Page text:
While I'm mostly singing the praises of WorldCon, let me add that smaller regional conventions are often great resources, and have the added advantage that you might find locals with like interests as well.
There's another part of the convention that perhaps people should take more seriously. Any convention -- but WorldCon in particular-- is the one place where you can be among people who speak the same language and share the same visions. No one is going to look at you oddly if you say you read fantasy books. No one will ask you why you don't read 'real' books instead of SF, or say that they would never read that Star Trek stuff, with no understanding that SF is far more than the few shows they may have seen on television.
I was going to write an article that gave a day-by-day account of the convention, listing panels, recounting conversations, and dropping names from the parties I attended. But that is only the mechanical side of WorldCon, and the real depth of the convention can only be described in trying to explain the feeling of fellowship that comes from attending. We are a unique community, but it isn't until a gathering like this that you can really experience the depth of what we are and how much we have to offer.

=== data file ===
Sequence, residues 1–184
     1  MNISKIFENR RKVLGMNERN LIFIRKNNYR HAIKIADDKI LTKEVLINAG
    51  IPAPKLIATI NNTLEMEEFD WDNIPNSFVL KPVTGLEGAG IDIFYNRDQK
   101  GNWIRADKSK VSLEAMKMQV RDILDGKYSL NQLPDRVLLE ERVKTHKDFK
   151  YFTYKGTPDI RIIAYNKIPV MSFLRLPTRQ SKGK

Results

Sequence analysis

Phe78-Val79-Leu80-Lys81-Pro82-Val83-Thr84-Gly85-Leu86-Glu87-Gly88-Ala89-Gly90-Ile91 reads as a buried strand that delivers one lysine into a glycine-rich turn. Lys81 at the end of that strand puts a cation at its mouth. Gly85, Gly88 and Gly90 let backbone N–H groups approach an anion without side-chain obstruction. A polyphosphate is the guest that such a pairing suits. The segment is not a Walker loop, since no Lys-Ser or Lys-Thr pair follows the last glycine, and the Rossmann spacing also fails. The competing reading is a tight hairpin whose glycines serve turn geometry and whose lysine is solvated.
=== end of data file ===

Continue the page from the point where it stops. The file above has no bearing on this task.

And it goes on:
I first noticed something at last year's WorldCon in Chicago, but it held up as true this year in Philadelphia. One afternoon I looked at the people in the main hall of the convention center: Goth teens in somber blacks, gray haired men in suits and ties, laughing women of all ages in tie-dyed dresses, Jedi Knights and Regency Ladies. If I took them outside and lined them up on the street in front of the Convention Center and asked people driving by to tell you what these people have in common, they'd never guess.
The power of the Science Fiction and Fantasy community is that it ignores the boundaries of generations, genders, religious beliefs and personal convictions. That, and a hunger to look beyond the mundane world is our real strength. I can assure you, after four far-too-short days at the WorldCon, that the genre is very much alive. Our visions are still vibrant, and our people are ready to imagine an even more amazing future than those who not only imagined, but also helped shape, the world that we have today -- whether that is in real world science or the fantastic reaches of the imagination.